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The effect of health changes and long-term health on the work activity of older Canadians

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  • Doreen Wing Han Au
  • Thomas F. Crossley
  • Martin Schellhorn

Abstract

Using longitudinal data from the Canadian National Population Health Survey (NPHS), we study the relationship between health and employment among older Canadians. We focus on two issues: (1) the possible problems with self-reported health, including endogeneity and measurement error, and (2) the relative importance of health changes and long-term health in the decision to work. We contrast estimates of the impact of health on employment using self-assessed health, an objective health index contained in the NPHS - the HUI3, and a 'purged' health stock measure. Our results suggest that health has an economically significant effect on employment probabilities for Canadian men and women aged 50-64, and that this effect is underestimated by simple estimates based on self-assessed health. We also corroborate recent US and UK findings that changes in health are important in the work decision. Copyright © 2005 John Wiley & Sons, Ltd.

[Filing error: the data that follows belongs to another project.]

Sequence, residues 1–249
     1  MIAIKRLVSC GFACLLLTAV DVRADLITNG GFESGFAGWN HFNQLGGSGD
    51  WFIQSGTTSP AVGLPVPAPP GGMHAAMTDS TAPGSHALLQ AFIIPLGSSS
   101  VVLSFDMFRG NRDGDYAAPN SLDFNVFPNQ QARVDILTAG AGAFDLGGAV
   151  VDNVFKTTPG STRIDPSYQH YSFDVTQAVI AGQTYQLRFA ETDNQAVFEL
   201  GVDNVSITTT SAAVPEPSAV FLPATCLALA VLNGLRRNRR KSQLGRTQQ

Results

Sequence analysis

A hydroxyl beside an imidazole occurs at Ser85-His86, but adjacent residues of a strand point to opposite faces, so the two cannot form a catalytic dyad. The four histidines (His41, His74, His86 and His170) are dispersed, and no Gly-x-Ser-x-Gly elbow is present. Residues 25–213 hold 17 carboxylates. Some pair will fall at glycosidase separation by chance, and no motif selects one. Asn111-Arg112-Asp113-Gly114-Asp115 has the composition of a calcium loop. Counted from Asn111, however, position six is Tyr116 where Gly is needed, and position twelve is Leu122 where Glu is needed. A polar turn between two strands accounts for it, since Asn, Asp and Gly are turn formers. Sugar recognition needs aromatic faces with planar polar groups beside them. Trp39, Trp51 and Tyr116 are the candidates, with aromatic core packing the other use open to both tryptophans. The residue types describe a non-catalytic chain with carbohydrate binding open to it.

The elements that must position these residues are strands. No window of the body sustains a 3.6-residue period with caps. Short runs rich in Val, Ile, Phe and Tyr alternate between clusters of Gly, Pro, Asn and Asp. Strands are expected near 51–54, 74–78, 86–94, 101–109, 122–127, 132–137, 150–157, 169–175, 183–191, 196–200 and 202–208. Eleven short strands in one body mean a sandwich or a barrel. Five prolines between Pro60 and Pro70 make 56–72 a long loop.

Suggested Citation

  • Doreen Wing Han Au & Thomas F. Crossley & Martin Schellhorn, 2005. "The effect of health changes and long-term health on the work activity of older Canadians," Health Economics, John Wiley & Sons, Ltd., vol. 14(10), pages 999-1018.
  • Handle: RePEc:wly:hlthec:v:14:y:2005:i:10:p:999-1018 DOI: 10.1002/hec.1051
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    JEL classification:

    • I12 - Health, Education, and Welfare - - Health - - - Health Behavior
    • J26 - Labor and Demographic Economics - - Demand and Supply of Labor - - - Retirement; Retirement Policies

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